What are the metaphors in "Still I Rise"?
In the sixth stanza of "Still I Rise," the speaker continues to address the same audience she has addressed in the first five stanzas—white people who oppress Black people—using a series of metaphors. A metaphor is a comparison of two unalike things where one thing is said to be another.
For example, she says, "You may shoot me with your words," comparing the hateful words of her would-be attackers to damaging bullets shot from guns. She also says, "You may cut me with your eyes," comparing the looks given by these attackers to blades, and "You may kill me with your hatefulness," comparing their hate to some weapon that could physically kill her. Each of these three comparisons is a separate metaphor.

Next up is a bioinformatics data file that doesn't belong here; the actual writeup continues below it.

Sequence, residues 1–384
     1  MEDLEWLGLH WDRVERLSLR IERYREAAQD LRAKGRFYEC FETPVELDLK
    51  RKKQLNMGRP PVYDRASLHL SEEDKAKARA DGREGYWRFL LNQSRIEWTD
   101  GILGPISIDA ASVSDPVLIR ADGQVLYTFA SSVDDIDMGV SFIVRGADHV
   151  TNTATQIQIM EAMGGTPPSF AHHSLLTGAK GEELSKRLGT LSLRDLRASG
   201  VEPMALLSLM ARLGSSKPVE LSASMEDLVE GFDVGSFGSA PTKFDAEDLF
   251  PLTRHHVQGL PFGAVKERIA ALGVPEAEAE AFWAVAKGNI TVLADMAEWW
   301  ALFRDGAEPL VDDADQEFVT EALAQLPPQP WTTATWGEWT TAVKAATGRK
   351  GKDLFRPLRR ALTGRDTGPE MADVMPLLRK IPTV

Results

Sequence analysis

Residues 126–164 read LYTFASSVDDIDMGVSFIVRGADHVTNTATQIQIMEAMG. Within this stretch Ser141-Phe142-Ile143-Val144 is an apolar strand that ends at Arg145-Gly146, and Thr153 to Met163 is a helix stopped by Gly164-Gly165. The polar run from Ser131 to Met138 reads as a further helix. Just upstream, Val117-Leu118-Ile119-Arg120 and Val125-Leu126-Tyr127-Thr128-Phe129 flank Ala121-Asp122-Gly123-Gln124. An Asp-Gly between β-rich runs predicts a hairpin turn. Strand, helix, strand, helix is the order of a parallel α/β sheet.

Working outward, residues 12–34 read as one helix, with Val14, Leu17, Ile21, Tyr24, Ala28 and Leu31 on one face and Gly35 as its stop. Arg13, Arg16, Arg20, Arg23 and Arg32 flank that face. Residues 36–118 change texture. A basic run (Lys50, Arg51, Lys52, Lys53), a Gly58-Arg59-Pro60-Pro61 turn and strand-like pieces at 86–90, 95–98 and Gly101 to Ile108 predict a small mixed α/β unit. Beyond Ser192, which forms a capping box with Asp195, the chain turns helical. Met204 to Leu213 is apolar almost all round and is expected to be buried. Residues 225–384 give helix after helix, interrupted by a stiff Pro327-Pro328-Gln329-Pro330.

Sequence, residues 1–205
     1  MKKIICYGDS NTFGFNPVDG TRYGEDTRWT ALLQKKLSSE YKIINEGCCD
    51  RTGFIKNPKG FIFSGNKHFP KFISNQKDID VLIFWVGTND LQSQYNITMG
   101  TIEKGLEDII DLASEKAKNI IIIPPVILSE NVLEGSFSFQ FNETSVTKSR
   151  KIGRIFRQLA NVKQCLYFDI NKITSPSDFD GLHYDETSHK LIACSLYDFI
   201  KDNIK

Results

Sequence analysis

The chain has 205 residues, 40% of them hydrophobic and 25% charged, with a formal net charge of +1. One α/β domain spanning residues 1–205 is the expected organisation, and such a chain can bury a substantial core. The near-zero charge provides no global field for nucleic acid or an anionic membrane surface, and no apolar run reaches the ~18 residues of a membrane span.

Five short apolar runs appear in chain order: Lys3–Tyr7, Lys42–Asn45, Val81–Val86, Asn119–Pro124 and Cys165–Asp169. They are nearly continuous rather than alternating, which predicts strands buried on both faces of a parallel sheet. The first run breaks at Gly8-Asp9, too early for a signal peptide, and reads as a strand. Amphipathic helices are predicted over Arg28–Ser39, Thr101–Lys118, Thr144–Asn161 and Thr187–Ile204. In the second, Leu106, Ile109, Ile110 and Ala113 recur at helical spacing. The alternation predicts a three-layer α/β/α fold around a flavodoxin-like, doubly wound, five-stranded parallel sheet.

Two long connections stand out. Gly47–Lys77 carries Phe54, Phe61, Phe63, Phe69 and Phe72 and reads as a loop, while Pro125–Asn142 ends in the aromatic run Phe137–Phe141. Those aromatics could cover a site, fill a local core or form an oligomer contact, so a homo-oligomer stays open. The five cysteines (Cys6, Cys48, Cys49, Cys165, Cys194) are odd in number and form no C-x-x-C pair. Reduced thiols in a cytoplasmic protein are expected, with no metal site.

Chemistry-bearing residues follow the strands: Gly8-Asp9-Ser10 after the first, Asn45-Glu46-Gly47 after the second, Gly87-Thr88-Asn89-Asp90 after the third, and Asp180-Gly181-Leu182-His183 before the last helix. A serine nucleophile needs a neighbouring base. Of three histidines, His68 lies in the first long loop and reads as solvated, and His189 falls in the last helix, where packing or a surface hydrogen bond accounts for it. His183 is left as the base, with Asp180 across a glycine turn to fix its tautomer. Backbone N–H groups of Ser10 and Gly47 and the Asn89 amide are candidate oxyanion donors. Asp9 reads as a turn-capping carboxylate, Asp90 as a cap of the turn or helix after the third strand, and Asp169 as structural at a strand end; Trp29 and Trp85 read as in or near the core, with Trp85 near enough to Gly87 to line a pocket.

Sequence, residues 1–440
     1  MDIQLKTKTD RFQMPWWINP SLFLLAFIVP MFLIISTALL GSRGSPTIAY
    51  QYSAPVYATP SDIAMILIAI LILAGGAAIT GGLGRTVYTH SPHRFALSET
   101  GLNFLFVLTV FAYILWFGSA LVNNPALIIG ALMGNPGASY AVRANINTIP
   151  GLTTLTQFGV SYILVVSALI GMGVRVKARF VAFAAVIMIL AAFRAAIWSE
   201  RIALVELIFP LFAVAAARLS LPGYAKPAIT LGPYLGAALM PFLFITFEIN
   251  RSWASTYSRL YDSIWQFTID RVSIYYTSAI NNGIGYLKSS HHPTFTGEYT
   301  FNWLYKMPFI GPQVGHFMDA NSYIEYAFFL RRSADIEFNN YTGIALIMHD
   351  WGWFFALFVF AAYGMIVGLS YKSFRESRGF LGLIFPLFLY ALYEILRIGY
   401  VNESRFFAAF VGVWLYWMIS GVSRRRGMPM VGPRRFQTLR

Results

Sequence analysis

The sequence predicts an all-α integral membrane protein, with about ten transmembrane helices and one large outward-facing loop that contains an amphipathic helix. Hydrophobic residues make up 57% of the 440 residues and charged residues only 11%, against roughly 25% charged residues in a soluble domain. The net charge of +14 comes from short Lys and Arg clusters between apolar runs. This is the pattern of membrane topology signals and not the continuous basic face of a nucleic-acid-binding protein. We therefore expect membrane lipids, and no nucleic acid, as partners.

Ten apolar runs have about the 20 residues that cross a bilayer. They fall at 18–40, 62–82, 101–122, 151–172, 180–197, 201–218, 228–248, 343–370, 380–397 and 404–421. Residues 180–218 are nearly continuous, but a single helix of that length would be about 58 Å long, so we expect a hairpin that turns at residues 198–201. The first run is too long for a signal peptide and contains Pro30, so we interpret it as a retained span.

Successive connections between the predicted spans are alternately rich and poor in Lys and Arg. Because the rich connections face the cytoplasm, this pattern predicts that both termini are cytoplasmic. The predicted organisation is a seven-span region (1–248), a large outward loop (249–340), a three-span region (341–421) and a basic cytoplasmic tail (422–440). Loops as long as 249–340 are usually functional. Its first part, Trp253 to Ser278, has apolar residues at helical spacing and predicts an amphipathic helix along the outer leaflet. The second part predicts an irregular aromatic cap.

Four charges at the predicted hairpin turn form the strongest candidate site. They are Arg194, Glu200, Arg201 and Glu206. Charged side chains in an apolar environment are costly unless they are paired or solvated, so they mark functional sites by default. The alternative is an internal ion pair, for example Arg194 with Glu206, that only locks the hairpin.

Later in the poem, the speaker uses another metaphor, saying, "I'm a black ocean, leaping and wide, / Welling and swelling I bear in the tide." This metaphor emphasizes her power and her vastness, suggesting that it is in her very nature to rise like the tide and that she is as unstoppable as the tide.
She also compares American history, with its past of chattel slavery, to "nights of terror and fear" and the future to a "daybreak that's wondrously clear"—two more metaphors. The speaker believes that she is precisely what that enslaved person, hundreds of years ago, dreamed and hoped for: a free Black woman with confidence and power.